The German and Austro-Hungarian advance towards Jaroslau and Przemysl, May 13th to 16th, 1915.

- In east Galicia the Austro-Hungarian 7th Army continues its retreat to the Pruth River, and by nightfall most of its elements are across.  The west and centre wings were able to pull back relatively unmolested, but the east wing came under heavy attack, especially by the Russian XXXIII Corps, as it did so.  Here at least the Russians are having some success in the Carpathians, and the offensive has forced the Austro-Hungarians to divert III Corps, initially intended to garrison the frontier with Italy, to Bukovina.  Beyond this, however, it has had no impact on the larger strategic picture; Falkenhayn for one knows that if Mackensen and 11th Army continues to achieve success, and in particular force the San River line, the Russian position in the Bukovina will be outflanked and nothing that happens there will matter.

The Battle of Dniester, May 13th, 1915.

- At 5pm the Italian cabinet reconvenes, and since yesterday's meeting Salandra has met with party leaders over the question of peace or war.  He reports to the cabinet that only one - Leonida Bissolati of the moderate Socialists - supported intervention.  The cabinet then spends the next four hours debate the issue back and forth.  One concern is that if the cabinet, and by convention the king, endorses war, but then is repudiated by parliament, a constitutional crisis may ensue.  To clear the air and force the issue, Salandra proposes the government's resignation; his hope is that efforts to cobble together an alternative anti-war government will fail, and thus by default committing Italy to war.  At 9pm the cabinet agrees, and Salandra immediately drives to the royal palace at Villa Savoia to offer their resignations.  At 1030pm news of the resignation becomes public; the moment of decision is at hand.

- Today the German submarine U21 arrives at the Austro-Hungarian naval base of Cattaro, after several weeks at sea.  Due to its lengthy journey from Germany it had only barely made it to port, with only 1.8 tons out of the original 56.5 tons of fuel remaining.  Once refueled and resupplied, the Germans will have their first active ocean-going submarine in the Mediterrean (UB-8 is a much smaller coastal submarine).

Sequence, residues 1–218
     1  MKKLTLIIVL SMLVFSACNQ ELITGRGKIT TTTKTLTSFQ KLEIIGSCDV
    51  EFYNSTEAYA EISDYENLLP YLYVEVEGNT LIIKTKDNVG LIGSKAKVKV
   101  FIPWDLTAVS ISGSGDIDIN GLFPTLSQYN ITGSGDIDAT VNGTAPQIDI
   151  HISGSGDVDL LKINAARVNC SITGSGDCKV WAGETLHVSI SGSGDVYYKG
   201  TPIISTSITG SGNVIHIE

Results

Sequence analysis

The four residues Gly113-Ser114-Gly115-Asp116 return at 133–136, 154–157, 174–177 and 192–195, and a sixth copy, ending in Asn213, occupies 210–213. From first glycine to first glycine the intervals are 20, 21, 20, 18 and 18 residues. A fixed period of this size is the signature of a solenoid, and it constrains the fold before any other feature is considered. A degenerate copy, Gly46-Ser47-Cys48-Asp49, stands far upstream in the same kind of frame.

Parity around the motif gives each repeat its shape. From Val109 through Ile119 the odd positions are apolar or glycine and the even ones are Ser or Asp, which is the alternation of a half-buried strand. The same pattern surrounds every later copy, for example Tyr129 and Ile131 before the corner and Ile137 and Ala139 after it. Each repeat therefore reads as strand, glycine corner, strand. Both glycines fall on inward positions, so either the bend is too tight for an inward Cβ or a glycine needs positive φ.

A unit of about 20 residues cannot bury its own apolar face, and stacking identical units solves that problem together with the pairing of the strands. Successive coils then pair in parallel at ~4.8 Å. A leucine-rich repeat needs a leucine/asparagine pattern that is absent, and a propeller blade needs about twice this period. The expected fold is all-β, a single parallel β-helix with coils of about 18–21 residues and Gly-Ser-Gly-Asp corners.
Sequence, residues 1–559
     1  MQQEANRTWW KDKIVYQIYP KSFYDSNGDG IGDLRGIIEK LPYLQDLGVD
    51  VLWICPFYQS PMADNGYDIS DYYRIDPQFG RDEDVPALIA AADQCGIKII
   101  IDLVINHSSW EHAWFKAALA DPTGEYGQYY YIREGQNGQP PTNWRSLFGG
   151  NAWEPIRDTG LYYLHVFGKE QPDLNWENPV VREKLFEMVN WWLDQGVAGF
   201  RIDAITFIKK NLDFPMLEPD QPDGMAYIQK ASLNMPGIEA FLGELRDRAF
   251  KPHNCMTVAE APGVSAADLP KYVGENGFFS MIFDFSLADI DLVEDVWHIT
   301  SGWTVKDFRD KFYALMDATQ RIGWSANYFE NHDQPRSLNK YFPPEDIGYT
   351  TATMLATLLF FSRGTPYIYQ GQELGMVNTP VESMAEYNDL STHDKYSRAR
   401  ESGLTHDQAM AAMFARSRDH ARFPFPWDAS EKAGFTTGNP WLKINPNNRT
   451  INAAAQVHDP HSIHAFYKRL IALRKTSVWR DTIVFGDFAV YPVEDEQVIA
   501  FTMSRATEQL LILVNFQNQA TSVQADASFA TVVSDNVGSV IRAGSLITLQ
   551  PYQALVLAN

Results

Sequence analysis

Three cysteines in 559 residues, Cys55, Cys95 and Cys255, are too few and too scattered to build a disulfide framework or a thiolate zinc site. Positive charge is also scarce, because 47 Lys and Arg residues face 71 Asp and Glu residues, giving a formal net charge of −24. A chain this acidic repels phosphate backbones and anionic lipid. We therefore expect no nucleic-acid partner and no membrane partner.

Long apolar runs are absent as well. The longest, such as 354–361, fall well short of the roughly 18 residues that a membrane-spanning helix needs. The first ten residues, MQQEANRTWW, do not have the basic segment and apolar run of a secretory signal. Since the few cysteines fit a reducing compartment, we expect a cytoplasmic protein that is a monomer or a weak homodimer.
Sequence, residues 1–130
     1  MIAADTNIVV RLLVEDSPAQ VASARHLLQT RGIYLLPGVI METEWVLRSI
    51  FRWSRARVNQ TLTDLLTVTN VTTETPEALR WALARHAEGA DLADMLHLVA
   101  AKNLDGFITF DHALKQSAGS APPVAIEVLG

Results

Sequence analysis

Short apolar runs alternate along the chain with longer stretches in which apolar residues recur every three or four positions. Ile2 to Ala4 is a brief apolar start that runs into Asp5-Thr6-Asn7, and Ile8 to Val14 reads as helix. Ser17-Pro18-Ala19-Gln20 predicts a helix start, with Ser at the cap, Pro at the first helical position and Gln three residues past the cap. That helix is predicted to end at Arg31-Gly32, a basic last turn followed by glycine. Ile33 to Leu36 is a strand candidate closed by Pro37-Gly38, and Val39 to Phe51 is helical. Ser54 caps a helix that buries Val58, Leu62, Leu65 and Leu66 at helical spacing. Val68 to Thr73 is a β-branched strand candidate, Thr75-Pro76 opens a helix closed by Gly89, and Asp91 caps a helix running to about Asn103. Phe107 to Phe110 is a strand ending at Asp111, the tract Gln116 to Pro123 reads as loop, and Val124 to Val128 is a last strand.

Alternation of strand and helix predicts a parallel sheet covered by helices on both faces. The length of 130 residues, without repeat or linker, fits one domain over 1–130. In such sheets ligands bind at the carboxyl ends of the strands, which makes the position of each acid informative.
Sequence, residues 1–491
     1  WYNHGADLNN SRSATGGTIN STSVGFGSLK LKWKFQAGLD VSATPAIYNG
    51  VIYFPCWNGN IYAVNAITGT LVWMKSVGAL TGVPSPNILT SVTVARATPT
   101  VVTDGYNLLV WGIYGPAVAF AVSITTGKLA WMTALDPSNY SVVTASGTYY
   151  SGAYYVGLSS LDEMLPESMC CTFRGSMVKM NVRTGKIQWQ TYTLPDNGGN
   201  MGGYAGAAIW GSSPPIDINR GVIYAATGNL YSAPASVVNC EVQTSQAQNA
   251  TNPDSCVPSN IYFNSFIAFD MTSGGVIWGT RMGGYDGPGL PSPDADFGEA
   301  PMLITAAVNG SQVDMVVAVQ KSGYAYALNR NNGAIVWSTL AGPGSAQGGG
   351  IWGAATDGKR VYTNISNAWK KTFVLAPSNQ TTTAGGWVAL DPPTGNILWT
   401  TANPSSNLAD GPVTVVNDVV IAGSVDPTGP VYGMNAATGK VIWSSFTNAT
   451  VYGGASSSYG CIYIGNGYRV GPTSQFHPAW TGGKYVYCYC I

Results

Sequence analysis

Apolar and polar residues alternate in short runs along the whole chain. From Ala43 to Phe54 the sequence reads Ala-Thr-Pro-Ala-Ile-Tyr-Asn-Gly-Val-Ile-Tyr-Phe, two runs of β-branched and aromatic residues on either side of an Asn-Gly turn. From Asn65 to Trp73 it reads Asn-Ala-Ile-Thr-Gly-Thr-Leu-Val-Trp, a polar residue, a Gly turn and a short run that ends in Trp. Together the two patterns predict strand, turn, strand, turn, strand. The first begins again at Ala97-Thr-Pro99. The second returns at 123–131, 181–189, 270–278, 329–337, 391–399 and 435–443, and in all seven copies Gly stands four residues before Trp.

- For weeks Entente warships have pounded Ottoman positions on Gallipoli with impunity, as none of the shore batteries could fire shells capable of penetrating the armour of the old pre-dreadnoughts.  Given their numbers, the Entente fleet has also shown no real concern with naval opposition, and largely assume they may sail and anchor as they please.  Overnight, the Ottomans do their best to disabuse the British and French admirals of their misplaced faith in their invulnerability.  With a full moon and heavy mist reducing visibility, the Ottoman destroy Muavenet, captained by a German, snuck through the straits and moved up the European coast of Gallipoli.  In Morto Bay, not a hundred yards offshore, the destroyer comes across the British pre-dreadnought Goliath at anchor, where it is waiting to continue its shore bombardment at dawn.  Surging forward, Muavenet fires three torpedoes and disappears back into the night and through the straits before anyone can react.  The torpedoes strike home, and within minutes rolls over and sinks.  Because the current here is four to five knots and moving away from shore, none of the British sailors in the water can swim ashore.  Five hundred and seventy drown, and only one hundred and eight survive.  It is a striking accomplishment for the Ottomans: the Sultan awards each sailor on Muavenet a gold watch and a purse filled with gold.

The sinking of Goliath shows that the waters off the Dardanelles are now contested, and the aftershocks of the loss of the pre-dreadnought reach London this afternoon, where news of the sinking prompts a passionate outburst from Admiral Fisher.  For months he has worried over the potential loss of warships during the Dardanelles campaign, and in particular is concerned about Queen Elizabeth, Britain's newest and most advanced battleship.  The loss of Goliath stokes these fears to a fever pitch, and Fisher insists that Queen Elizabeth be ordered to return to home waters immediately.  Churchill accedes to the First Sea Lord's demand, but later this evening the argument is joined by Kitchener when he visits the Admiralty on a different matter.  When the Secretary of War learns of Queen Elizabeth's recall, he goes into a rage, accusing the navy of abandoning the army after the army had come to the aid of the navy after the latter's failure to force the Dardanelles.  Fisher, never one to back down from a fight, fires right back at Kitchener, declaring that Queen Elizabeth will sail for home this instant or he would resign on the spot.  Kitchener returns to the War Office and pens an aggressive note to Asquith, but for now Fisher has won the argument: the orders for Queen Elizabeth's recall stand.  The crisis over the Dardanelles, however, is just beginning.

- In German South-West Africa the advance of South African forces from Swakopmund on the coast and from the south has been slow and irregular, disrupted by supply difficulties more than German opposition.  After several months, however, today the northern detachment, under the direct command of Prime Minister Botha, enters Windhoek, the capital of the German colony.  In doing so the South Africans also seize the main wireless station, disrupting communications between the remaining German forces in the colony, now retreating northeast along the lone railway, and the outside world.